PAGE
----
Procrastination is one of the biggest killers of productivity. We were meaning to write about this topic but, ironically, kept putting it off for some time.
Why do we keep constantly postponing our duties? One of the leading theories says that procrastination is a coping mechanism for dealing with stress and overburden.
Since every human deals with emotions differently, there is no one sure way to overcome it. You have to work out your own recipe that works best. However, we can help you identify some of the pitfalls along the way.
You don't specify your end goal
Lack of focus and determination usually comes hand in hand with the lack of clear objective. And even when you do have a goal, it's difficult to grasp what exactly it will accomplish.
This is where the framework of OKR comes into play.
OKR, or Objectives and Key Results, is a tool used by the likes of Google, Twitter, LinkedIn and many others. Even when you work on your own, it still comes in handy to help you define your personal objectives.
The rule of thumb states that your objectives need to be ambitious and inspirational. You should look forward to accomplishing them. Under each objective, write down 3-4 key results that it will bring. These results should be measurable and very clear.
Have your goals in front of you at all times to keep a firm grasp on your vision.
Your to-do list is too long
When you are decided about the objectives, your next logical step is to compile a to-do list. You open your notebook, write down all of 35 things you need to do, and…
You went overboard with your list, and as a result, your procrastination will only thrive. Too large of a scope can frighten us into indecision. A good to-do list has every item structured. A great to-do list has an order of priority.
So instead of putting everything on paper, focus on what is important. Use Eisenhower Matrix to decide which steps of your plan are most important, which are urgent and which steps can wait. You can also use this matrix in combination with a weekly planning tool like Weekdone.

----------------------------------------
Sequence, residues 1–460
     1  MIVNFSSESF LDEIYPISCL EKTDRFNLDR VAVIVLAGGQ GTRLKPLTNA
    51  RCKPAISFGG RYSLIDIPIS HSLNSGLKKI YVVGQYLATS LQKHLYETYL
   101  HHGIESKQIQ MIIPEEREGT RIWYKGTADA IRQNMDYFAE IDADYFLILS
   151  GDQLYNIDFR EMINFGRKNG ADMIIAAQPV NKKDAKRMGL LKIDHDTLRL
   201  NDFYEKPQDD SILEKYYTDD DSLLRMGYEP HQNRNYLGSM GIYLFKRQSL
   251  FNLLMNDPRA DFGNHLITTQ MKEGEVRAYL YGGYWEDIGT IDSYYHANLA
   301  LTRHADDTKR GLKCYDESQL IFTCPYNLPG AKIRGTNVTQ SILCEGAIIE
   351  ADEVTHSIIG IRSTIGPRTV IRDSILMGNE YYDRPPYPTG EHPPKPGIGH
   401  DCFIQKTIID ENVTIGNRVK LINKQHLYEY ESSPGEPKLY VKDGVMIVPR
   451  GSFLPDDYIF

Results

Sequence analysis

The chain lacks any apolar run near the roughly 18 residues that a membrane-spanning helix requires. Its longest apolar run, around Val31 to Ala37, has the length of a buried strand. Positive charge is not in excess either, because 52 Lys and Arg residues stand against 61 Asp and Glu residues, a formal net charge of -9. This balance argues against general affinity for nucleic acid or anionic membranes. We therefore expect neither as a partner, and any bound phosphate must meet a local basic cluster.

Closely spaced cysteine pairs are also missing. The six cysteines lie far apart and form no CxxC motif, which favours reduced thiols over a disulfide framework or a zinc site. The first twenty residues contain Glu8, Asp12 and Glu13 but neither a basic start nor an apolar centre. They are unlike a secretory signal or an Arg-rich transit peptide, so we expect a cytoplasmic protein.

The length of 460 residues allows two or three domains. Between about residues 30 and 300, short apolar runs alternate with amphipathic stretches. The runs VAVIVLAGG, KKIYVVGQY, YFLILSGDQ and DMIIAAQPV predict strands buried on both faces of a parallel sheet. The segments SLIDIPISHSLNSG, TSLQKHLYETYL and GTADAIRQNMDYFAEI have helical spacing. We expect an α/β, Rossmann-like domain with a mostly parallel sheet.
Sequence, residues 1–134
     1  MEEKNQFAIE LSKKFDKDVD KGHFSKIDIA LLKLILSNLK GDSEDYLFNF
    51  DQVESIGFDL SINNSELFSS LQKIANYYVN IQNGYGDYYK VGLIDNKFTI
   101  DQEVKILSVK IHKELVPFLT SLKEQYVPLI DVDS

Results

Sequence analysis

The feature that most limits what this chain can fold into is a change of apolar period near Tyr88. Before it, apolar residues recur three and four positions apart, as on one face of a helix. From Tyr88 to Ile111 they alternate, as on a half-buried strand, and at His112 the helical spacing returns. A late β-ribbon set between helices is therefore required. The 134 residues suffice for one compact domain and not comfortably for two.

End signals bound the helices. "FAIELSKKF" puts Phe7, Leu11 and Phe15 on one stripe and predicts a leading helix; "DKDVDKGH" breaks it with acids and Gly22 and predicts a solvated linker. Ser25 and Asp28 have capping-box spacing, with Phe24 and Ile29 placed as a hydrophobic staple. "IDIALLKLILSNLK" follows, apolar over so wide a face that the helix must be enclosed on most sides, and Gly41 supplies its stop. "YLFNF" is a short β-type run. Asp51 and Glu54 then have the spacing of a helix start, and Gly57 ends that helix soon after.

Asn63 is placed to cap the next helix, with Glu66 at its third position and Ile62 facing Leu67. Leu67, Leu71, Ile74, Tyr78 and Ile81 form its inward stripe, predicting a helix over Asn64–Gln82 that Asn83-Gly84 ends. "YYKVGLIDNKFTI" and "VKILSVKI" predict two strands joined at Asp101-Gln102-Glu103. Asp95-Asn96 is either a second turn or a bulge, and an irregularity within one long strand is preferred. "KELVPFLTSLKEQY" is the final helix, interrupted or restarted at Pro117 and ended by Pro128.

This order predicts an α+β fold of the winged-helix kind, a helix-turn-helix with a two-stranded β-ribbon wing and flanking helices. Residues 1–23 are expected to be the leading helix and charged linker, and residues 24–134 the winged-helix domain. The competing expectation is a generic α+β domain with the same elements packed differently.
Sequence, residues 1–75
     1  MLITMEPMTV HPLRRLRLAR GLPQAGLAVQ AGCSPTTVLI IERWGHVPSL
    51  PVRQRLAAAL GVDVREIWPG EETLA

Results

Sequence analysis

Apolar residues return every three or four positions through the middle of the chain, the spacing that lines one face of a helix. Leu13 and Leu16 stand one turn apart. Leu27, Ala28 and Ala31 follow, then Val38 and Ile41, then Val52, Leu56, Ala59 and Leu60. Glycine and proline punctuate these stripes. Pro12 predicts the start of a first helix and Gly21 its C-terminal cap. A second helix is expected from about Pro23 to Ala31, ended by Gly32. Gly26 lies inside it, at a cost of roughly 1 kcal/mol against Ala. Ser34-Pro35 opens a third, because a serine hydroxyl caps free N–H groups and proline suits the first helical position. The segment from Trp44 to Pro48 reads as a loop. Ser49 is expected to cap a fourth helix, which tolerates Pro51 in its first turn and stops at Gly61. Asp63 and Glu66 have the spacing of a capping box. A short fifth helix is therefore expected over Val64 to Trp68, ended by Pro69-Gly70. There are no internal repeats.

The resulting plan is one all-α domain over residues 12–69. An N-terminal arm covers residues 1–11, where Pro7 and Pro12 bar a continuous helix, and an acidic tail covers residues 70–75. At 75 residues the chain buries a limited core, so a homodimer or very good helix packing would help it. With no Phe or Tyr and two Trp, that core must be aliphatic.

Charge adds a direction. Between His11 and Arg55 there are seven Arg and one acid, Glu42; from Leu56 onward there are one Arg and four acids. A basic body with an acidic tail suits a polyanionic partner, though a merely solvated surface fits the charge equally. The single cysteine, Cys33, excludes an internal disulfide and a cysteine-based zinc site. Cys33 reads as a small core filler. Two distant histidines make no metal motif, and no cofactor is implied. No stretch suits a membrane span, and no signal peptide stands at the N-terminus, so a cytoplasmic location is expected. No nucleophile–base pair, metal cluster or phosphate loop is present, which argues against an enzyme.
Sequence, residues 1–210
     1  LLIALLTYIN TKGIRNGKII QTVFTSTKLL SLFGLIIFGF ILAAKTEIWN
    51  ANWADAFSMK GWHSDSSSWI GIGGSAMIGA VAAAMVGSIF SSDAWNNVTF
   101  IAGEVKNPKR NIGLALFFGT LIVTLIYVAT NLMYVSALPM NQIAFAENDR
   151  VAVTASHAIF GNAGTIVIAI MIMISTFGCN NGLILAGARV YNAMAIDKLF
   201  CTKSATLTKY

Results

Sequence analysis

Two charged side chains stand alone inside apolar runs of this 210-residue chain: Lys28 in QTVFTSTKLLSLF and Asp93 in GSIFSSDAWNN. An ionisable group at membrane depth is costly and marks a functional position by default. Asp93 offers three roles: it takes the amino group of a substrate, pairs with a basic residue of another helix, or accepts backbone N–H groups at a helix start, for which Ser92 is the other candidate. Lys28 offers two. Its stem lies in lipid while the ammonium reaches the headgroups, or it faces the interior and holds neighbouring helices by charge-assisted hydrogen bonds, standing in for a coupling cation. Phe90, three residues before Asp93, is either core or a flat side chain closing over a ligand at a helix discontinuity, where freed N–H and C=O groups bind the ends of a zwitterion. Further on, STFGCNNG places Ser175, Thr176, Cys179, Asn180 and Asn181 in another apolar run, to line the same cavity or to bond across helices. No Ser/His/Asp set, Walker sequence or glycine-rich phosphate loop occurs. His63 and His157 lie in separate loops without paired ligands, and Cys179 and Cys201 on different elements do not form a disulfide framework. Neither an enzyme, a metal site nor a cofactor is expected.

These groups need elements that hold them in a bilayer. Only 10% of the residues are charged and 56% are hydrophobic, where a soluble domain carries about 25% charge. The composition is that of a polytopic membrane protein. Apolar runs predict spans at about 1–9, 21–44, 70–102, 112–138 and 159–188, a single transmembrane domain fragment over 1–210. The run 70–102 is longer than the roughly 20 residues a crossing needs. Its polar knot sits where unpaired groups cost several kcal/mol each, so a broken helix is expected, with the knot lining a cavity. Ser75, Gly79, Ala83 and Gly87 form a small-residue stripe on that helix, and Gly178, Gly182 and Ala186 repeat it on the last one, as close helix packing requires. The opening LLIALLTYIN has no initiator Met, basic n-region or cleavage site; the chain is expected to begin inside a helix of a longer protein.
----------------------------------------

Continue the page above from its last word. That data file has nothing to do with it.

Additionally, you can compile a not-to-do list where you will jot down the things that distract you the most. Not every distraction is harmful to your productivity, but surely you can live a couple of hours without tweeting about it.
You don't break your task down into smaller tasks
The most common way people go about completing their task is to start hacking at it and see what happens.
This approach is extremely unproductive and stems from the fact that, for once, we focus too much on a bigger picture. It is best to understand that this picture is actually a mosaic that consists of myriads of different parts.
Try to observe this principle in everything you do. When we get dressed, we don't simply jump into a ready-to-go suit. We put on every individual item. Same goes for every other mundane action: it is a sequence of certain steps.
The main advantage of breaking down your task into smaller ones is not only that you will manage your work faster but also that you will experience a degree of accomplishment. This will inspire you to carry on with the rest of the task.
Divide and conquer!
You set arbitrary time limits
Planning out an entire day in excruciating details is, at best, a gamble. Chances are that you will be overwhelmed with time constraints and tempted to bargain your way out of it. Again, try to think about your order of importance first.
You can also take up a piece of advice shared by James Clear and follow his simple 2-Minute Rule. This rule states that you need to start doing the task right now, but spend no more than two minutes on it.
Why only two?
The idea behind this is that due to inertia of human behaviour, it is hard to stop doing something in the middle of it. Two minutes easily transform into a couple of hours. We pick up a book, read the first page, and next thing we know, we're on chapter 13 and this close to finding out the real culprit.
Or how about putting a single sentence on paper and then snapping out of it some hours later, with full-on paragraphs written out? That's exactly how this article was written.
You think you are a perfectionist
This happens to the best of us. The competitiveness of human mind forces us to think that it is worse to do something below expectations than it is to never do anything at all.
Naturally, the ideal we strive for is so high up among the clouds that every effort seems pointless in comparison. Why bother if what I do isn't an immediate work of art?
It's okay. We let it go. You can do, too.
This doesn't mean that you have to settle for mediocrity. After all, nobody told Michelangelo that maybe he should cut down on the anatomical correctness. But stay realistic about your task. No matter what anybody says, greatness doesn't come from overexerting yourself.
Do not postpone your battle with procrastination until the better times. Start now!